HIPAA violation reporting consists of a patient, employee, or other individual who believes a healthcare organization has violated one or more HIPAA regulations, filing a complaint. The complaint is filed with the Department of Health and Human Services’ (HHS) Office for Civil Rights (OCR). HIPAA violation reporting requirements are discussed in greater detail below.
HIPAA Violation Reporting: When Must a Complaint be Filed?
Just as individuals filing cases in civil court are bound by statutes of limitation, which limit how long they have to file a lawsuit, individuals engaged in HIPAA violation reporting are subject to time limits. Under the HIPAA regulations, the person who is complaining (the “complainant”) must submit the complaint with OCR within 180 days from the time the complainant discovered the violation. There is a narrow exception to having to comply with this HIPAA violation reporting deadline. If an individual shows “good cause” for why he or she could not file the complaint within 180 days, OCR may grant an extension of time. To show good cause is to demonstrate that circumstances, such as the plaintiff’s having been in the hospital with a serious illness, made submitting the complaint within 180 days impossible.
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HIPAA Violation Reporting: What Must a Complaint Allege?
HIPAA violation reporting results in OCR receiving thousands of complaints every year. However, OCR will only investigate a complaint under certain circumstances. For OCR to investigate a complaint, the complaint must allege an activity that, if proven true, would actually constitute a HIPAA violation. That is, the allegation, if proven true, would actually constitute a violation of the HIPAA Privacy Rule, the HIPAA Security Rule, or the HIPAA Breach Notification Rule. This limitation on what a complaint alleges, ties to OCR’s jurisdiction. OCR can only investigate conduct that violates one of these rules. Therefore, HIPAA violation reporting must allege violation of one or more of these rules.
Can HIPAA Violation Reporting be Made Anonymously?
HIPAA violation reporting can be done anonymously; supplying a name and contact information to OCR in a complaint is not required. As a practical matter, though, filing an anonymous complaint will not serve a deterrent effect. OCR has stated that it will not conduct investigations as a result of an anonymous complaint. Therefore, if a complainant actually wants the wrongdoing to be remedied, the HIPAA violation reporting must include the complainant’s name, signature, and contact information.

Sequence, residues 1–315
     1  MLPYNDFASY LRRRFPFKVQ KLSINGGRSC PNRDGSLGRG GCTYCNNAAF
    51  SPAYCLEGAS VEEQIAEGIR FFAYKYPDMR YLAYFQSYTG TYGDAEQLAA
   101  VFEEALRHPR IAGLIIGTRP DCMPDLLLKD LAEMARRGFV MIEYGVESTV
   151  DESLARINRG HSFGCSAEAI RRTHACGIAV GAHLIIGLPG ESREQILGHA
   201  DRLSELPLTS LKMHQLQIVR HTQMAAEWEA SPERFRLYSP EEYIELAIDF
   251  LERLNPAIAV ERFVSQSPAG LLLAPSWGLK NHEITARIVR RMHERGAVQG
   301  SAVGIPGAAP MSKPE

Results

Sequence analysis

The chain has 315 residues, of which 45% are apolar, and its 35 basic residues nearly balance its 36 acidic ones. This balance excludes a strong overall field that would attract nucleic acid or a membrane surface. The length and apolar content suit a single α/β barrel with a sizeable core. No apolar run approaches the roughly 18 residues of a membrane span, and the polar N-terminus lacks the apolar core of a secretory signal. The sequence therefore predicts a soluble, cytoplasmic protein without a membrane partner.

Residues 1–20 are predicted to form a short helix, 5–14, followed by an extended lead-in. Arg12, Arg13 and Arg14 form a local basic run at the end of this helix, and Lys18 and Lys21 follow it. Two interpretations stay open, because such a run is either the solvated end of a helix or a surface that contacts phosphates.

Can Someone be Retaliated Against for HIPAA Violation Reporting?
OCR, to encourage individuals to file complaints, prohibits covered entities and business associates from taking retaliatory action against someone who has submitted a complaint about an alleged HIPAA violation. If an individual believes he or she has been retaliated against, the individual must notify OCR.
What is HIPAA Violation Reporting Retaliation?
HIPAA violation reporting retaliation occurs when a covered entity or business associate threatens, intimidates, coerces, harasses, discriminates against, or takes any other retaliatory action against any individual or other person for certain activities. In addition to filing a complaint, these activities include testifying, assisting, or participating in an investigation, compliance review, proceeding, or hearing. These activities also include opposing any act or practice that is unlawful under HIPAA. The opposition cannot, itself, violate HIPAA. The complainant cannot illegally disclose PHI as part of his or her opposition. The person engaging in the opposition must have a good-faith belief that what he or she is opposing, is unlawful. This is lawyer-speak for saying that a complainant cannot “make up” a complaint against a covered entity, and cannot accuse the covered entity of a HIPAA violation without sincerely believing that there is one.
What constitutes opposition? Courts have found “opposition” to occur when, for example, a staff physician at a Veterans Affairs (VA) Hospital observed, in the course of his duties, numerous instances of conduct that he believed violated professional and clinical standards of healthcare provision, and that potentially endangered patients. The physician disclosed this conduct internally and to, among others, individuals within the VA’s Inspector General Office, and to his Senator and House Representative. In disclosing the details of the misconduct, the physician disclosed PHI relating to:
◈ An unnecessary and improperly performed medical procedure and a patient abuse incident;
◈ A poorly supervised procedure that allegedly caused a patient’s death;
◈ A resident’s failure to follow instructions, allegedly causing harm to a patient;
◈ Inadequate supervision and training of interns, which could potentially endanger patients; and
◈ Claims of mismanagement of physicians’ workloads and resulting instances of improper or inadequate patient care.
The court concluded that the physician had made these disclosures based on a good-faith belief that violations were occurring.
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